Early starts? Unsocial hours? Travel a lot? Sounds like the military? Well no it’s the superyacht industry. If you are just about to leave or have just left the Forces then a career in superyachts might be something for you

Before you will be considered for a job on a yacht you must have the 4 basic safety courses (STCW “Standards of Training, Certification & Watchkeeping 1995) which are:

Basic first aid, 2 day firefighting, Basic sea survival & Personal Safety & Social Responsibilities. There are numerous centres around the country (and abroad) which will offer the 4 courses over 5 days. You will also need an ENG 1 Seafarer Medical Certificate which is valid for 2 years.

On your CV you will need to include any seafaring experience that you have, this may include any sailing that you have done in the military within adventure training or in your spare time.

You need to highlight your skills in which department that you wish to work in such as on deck, engineering, catering, telecomms or owner/ guest service but be aware and check first whether your military qualifications are transferable to yachts or whether you have to do additional courses e.g. engineer in the RN to engineer on a yacht. On your CV you will need to have a smart head & shoulders photo (no photos of you in the pub or looking too serious!).

A lot of military skills are quite easily transferable to the superyacht industry such as punctuality, presentation, ability to work under pressure, long hours, security awareness and ability to take orders which employers all look for in candidates.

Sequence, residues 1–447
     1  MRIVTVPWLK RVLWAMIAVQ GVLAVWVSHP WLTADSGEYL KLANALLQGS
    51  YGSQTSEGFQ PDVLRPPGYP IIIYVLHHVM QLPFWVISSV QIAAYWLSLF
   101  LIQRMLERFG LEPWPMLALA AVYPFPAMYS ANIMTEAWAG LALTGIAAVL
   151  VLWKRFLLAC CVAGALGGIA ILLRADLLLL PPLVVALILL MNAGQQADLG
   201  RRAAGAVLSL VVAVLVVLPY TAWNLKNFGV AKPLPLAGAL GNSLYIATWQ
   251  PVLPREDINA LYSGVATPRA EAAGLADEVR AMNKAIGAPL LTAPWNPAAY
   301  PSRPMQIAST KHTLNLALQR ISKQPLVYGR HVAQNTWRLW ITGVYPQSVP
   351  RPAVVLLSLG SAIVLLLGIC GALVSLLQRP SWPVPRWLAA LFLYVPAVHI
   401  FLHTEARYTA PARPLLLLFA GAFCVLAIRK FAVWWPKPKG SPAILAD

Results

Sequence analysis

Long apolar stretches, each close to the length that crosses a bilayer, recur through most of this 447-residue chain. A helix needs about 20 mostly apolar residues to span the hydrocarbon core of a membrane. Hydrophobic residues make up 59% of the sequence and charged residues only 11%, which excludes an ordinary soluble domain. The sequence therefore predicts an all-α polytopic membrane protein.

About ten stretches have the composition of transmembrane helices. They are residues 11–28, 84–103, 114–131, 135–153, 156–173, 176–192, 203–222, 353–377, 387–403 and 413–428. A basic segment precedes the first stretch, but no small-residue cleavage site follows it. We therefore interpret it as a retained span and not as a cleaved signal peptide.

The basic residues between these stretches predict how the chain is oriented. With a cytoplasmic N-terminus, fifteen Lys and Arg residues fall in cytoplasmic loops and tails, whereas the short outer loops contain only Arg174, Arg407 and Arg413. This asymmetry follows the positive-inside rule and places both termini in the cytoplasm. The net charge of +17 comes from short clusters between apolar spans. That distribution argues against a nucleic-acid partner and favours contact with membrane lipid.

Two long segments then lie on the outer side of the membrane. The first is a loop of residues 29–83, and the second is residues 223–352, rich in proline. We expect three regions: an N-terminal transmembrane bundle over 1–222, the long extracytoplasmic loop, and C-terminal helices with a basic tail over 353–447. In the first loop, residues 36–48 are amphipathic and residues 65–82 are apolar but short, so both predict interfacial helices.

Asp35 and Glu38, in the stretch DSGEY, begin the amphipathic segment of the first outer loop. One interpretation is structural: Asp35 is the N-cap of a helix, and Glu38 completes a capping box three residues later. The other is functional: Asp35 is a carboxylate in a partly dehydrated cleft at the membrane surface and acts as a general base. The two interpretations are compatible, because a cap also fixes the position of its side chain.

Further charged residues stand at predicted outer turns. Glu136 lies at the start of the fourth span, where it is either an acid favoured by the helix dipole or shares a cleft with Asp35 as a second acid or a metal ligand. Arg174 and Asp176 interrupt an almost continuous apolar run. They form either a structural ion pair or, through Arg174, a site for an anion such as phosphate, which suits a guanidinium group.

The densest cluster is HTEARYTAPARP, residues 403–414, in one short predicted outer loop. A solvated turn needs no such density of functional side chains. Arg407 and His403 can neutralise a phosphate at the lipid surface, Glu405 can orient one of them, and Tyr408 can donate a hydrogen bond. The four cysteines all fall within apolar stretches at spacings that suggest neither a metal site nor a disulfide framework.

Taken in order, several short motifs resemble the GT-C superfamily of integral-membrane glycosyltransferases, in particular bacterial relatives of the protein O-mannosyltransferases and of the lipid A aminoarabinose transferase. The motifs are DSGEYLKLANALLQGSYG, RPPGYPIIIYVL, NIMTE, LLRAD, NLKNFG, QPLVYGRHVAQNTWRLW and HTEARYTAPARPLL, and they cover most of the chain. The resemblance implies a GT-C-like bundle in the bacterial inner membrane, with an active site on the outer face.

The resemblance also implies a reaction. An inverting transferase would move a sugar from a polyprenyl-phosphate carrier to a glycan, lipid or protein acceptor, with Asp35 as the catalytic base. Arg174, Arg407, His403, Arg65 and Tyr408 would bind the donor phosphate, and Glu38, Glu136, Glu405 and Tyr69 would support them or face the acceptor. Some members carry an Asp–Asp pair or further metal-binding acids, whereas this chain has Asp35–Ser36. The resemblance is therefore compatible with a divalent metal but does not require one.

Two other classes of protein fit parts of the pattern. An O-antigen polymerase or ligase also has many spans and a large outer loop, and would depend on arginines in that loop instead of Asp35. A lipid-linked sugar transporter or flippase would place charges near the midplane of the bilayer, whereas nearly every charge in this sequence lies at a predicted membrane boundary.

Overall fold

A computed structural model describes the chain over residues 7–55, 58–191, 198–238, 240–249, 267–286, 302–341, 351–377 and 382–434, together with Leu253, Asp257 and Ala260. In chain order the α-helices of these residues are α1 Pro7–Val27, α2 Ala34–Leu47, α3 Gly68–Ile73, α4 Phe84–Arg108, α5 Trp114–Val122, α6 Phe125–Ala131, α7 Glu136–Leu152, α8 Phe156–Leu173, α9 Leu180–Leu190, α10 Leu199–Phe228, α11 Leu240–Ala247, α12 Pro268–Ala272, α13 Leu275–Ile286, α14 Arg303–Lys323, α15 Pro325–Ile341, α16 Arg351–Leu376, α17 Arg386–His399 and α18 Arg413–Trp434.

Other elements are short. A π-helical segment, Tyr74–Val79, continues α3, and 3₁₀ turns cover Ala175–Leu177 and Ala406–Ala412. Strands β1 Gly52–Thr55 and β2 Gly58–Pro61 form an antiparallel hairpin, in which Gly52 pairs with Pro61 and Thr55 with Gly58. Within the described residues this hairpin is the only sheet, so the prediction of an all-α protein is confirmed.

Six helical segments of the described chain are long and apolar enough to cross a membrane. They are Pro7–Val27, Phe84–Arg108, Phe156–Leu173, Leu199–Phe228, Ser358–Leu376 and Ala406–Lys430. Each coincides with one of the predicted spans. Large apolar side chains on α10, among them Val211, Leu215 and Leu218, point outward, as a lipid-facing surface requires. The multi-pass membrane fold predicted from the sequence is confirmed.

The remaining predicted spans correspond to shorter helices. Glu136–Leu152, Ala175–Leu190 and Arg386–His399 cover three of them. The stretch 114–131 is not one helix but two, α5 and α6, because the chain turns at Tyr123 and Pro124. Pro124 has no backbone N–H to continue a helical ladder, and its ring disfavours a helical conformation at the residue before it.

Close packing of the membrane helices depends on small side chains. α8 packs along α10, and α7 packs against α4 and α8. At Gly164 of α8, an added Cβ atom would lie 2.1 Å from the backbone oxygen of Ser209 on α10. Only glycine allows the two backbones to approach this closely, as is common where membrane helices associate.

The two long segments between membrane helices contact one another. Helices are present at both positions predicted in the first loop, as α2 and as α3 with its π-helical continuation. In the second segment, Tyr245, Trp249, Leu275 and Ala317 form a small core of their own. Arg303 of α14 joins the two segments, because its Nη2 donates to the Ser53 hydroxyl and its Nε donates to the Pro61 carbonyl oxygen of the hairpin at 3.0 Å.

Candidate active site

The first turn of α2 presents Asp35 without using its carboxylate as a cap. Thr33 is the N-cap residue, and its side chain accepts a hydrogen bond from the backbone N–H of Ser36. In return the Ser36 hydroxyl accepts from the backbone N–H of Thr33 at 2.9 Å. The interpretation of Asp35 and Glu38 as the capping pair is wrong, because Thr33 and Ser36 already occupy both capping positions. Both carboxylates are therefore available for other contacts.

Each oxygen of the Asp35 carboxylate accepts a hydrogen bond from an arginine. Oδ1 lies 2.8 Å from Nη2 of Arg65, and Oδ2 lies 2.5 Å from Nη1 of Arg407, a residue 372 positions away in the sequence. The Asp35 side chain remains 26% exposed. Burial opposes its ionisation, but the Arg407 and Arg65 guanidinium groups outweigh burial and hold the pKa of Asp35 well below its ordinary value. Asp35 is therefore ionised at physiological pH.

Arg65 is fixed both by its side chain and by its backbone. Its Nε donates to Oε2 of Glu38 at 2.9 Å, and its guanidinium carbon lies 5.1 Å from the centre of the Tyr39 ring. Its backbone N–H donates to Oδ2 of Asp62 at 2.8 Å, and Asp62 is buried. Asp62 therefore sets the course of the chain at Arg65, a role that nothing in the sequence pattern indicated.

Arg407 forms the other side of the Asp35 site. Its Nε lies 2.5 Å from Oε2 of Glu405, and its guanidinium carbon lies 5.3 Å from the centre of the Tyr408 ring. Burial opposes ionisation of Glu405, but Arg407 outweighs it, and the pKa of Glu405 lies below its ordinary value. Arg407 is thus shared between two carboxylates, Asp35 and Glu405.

Travel goes without saying really as owners and guests like to be in the nice places of the world. Most yachts will spend the summer around the Mediterranean and go over to the Caribbean for the winter. Having said that more and more yachts now spend the winter in the Indian Ocean and Thailand and it’s not unheard of for yachts to go literally around the world. Some yachts, though, will spend the winter moored in the Mediterranean.

The starting pay on a yacht will normally start at around £2000 per month for a deckhand or stewardess and can end up at over £5,000 per month as captain on a small yacht to over £10,000 per month as a captain on a larger yacht. The more technical positions such as engineer or electronics officer will obviously earn a higher starting salary.

A deckhand’s general duties include driving the yachts tenders (speedboats), launching and retrieving jetskis, going diving with the guests, line handling when docking the vessel and ensuring the yachts is immaculate at all times.

A stewardess will deal a lot with the owners/guests and their role involves working in the interior ensuring that the owners/guests needs are all catered for and involves silver service, laundry and cleaning.

An engineer’s role onboard is to ensure that all the yacht systems are functioning correctly from the main engines to the AV systems onboard.

There are other positions such as electronics officers on larger yachts whose responsibility is the AV/IT systems onboard, helicopter pilots, nannies, security personnel, submarine pilots, etc.

A yacht of 35m will normally run with a crew of 6/7 and the larger yachts can have up to 60 crew onboard. Safety though is always the number 1 priority when working on any vessel so a safety orientated approach to your work is essential.